Have the “kleptocratic chickens coming home to roost” causing Malaysia’s defeat for election to UN Human Rights Council?
Malaysia suffers ignominy in the latest defeat for election to the United Nations Human Rights Council, being the only country to lose out as there were 16 countries vying for the 15 seats, and even more pertinent, the only country to lose out among the five countries which competed for the four Human Rights Council seats allocated to Asia-Pacific region.
It is a terrible setback for Malaysia’s human rights record that the country should lose out to countries which are regarded as definitely greater human rights offenders than Malaysia, like Pakistan, Qatar and Afghanistan in the region or countries like Congo and Angola in the world.
This is Malaysia's third bid for a seat on the council after two stints, from 2006 to 2009 and from 2010 to 2013.
Malaysia, which received 129 votes, was the only country to lose out as there were 16 countries vying for the 15 seats - with five countries competing for the four seats allocated to Asia-Pacific.
The 15 members to the UN Human Rights Council were elected according to a quota of four seats each for the Africa and Asia-Pacific regions, three seats for Latin America and Caribbean states, two for Eastern European states, and two for Western European and other states.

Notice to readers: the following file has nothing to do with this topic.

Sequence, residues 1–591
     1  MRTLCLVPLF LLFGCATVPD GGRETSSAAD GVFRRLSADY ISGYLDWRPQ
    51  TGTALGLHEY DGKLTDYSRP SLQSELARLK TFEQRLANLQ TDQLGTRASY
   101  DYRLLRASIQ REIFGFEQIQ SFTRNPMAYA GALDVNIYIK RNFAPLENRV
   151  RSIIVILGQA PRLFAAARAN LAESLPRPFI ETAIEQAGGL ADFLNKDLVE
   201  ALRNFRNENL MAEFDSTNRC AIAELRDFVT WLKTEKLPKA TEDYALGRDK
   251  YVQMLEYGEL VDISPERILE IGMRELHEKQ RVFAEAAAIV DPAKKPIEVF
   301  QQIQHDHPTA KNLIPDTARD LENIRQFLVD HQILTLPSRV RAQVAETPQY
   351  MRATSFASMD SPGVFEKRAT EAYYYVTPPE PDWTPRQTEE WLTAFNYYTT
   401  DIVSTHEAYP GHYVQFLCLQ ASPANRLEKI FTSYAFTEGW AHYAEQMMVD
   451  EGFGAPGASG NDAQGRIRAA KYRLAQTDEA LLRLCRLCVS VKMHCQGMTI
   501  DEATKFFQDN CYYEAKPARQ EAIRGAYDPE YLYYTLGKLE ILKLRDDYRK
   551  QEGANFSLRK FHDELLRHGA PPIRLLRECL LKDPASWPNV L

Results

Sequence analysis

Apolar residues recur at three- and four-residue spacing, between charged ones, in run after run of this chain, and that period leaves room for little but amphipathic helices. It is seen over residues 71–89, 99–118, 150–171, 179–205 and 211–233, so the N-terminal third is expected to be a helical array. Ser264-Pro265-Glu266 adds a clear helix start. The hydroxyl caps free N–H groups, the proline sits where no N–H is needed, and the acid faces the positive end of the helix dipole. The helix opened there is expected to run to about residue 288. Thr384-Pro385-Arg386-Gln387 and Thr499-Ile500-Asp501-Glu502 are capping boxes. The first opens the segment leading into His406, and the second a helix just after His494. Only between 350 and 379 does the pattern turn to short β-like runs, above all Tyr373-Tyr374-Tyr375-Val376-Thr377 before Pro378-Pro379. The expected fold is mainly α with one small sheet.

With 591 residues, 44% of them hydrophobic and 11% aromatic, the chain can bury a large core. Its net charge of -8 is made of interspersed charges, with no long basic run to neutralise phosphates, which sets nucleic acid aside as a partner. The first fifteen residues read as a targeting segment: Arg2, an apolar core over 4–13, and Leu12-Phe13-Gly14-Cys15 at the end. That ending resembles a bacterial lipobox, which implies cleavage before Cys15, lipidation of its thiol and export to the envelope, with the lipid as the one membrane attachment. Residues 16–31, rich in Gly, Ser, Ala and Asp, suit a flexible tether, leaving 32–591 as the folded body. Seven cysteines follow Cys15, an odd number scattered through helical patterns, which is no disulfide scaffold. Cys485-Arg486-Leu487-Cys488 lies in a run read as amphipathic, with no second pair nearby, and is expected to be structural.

As far as I can remember, this is the first time in recent times that Malaysia had been defeated in a UN vote for any elected position in the world body.
Is this true?
This international setback warrants a full explanation from the Foreign Minister, Datuk Seri Anifah Aman, whether this heralds the “coming of winter” for Malaysia’s international relations with the “kleptocratic chickens coming home to roost” – with Malaysia’s infamy and ignominy as a global kleptocracy as a result of the international multi-billion dollar 1MDB money-laundering scandal beginning to “bite” adversely on Malaysia’s repute and good standing in the international community of nations.
As Parliament reconvenes next Monday, Anifah should present a Ministerial statement as to what are the causes for Malaysia’s defeat in the UN elections to the UN Human Rights Council, whether Malaysia’s reputation as a global kleptocracy is beginning to have an adverse effect on Malaysia’s international relations, and what the Foreign Ministry proposes to do to clear or cleanse Malaysia’s of such infamy and ignominy as a global kleptocracy.